Nick
Reply to
Nick Mueller
Or alternatively set the flywheel up on a rotary table on the mill table and mill the features that you would have turned. This is rather more stable (if it is a big flywheel) than trying to hold it in the spindle, and has the big advantage that the cutting action is on the upper surface that you can see rather than underneith.
AWEM
Reply to
Andrew Mawson
I made that before. You don't get that "it-was-turned finish" a flywheel asks for. Also tried it with a big boring-head (planning and boring head with feed in the diameter) and wasn't happy either.
Vision is an issue with the setup I described, no doubt! But on my Deckel I could turn diameters of 1m with the horizontal spindle. No, the RPM would be way to high and the setup _much_ to risky. I made 300mm diameter on the vertical spindle and will do it again without doubt and fear.
Nick
Reply to
Nick Mueller
Yup! A 3 in 1 machine tool with the mill removed. Massive swing for the size of the machine.
Cheers Trevor Jones
Reply to
Trevor Jones
Good point everything is relative - for me, who has a Myford and wishes to make models such as those from Alyn Foundry, large is 10" - 12", but the workshop space would struggle to accept something more than 3ft long.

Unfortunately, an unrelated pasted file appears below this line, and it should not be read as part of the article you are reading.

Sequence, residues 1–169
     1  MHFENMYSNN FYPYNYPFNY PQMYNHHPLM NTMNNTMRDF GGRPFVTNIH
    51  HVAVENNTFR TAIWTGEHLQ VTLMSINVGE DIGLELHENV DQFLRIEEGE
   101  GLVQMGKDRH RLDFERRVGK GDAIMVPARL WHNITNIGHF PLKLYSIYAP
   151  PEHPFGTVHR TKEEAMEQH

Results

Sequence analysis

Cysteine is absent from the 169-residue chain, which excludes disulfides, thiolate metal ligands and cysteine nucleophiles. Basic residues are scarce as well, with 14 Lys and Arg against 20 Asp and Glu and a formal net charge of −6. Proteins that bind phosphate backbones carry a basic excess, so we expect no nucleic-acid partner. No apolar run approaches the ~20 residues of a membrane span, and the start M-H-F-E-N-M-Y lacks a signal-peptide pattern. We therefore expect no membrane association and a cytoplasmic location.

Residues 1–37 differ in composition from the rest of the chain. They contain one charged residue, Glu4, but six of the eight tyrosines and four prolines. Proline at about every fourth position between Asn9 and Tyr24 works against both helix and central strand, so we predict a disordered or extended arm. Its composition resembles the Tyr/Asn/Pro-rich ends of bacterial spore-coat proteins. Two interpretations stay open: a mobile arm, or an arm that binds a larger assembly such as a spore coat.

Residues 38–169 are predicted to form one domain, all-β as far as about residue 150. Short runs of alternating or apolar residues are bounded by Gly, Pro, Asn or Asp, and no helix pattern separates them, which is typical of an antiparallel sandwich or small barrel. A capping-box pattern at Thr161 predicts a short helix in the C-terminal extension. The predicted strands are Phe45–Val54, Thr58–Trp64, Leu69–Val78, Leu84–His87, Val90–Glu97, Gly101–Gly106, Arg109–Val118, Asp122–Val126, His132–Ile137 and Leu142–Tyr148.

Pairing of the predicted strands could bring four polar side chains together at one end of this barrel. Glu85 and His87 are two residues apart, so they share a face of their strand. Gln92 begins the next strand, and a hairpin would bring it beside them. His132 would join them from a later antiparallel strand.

Thanks for the input so far....
John Ambler Sussex, UK Return E-mails to snipped-for-privacy@skiprat.net
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Reply to
John Ambler
I got an old book describing various repairs on large steam engines and the like.
One was an engine with a damaged low pressure cylinder piston of 86" diameter. Would have taken 3 weeks to get a new one and they did not want to wait, the largest available lathe was only like a 24" swing. They ended up building up a framework of I beams bolted to the floor and some pillow block bearings on top for a spare piston rod which was used as a spindle to spin the piston. An old gearbox was connected up between a motor and the shaft to turn it slow. A lathe a smaller one not the 24" was bolted to the floor in front of the spinning piston. The lathe had a spot on the back side of the cross slide for mounting an inverted cutoff tool, this was used to mount a turning tool pointing out the back of the lathe. The repair to the piston was to cut some dovetail groves to hold some babbitt to build up the diameter of the piston. And then after the babbitt was poured and hammered well into the groves the OD and ring grooves were cleaned up to size on the same setup.
You could maybe do something similar. _____________ Andre' B.
Reply to
andre_54005
Sounds interesting - thanks to everybody who gave so much food for thought - sorry also for the slow response - I haven't been able to connect to my normal News server (Tiscali) since the 3rd.
I have a Warco miller (VMC), so the suggestions centring on the vertical lathe are also worth a try - I have a Myford chuck adaptor for it so mounting a 9" faceplate is possible. Any thoughts on whether a support bearing on the table would be benefcial for turning the outer face of the rim (equivalent to tailstock support) ?
John Ambler Sussex, UK Return E-mails to snipped-for-privacy@skiprat.net
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John Ambler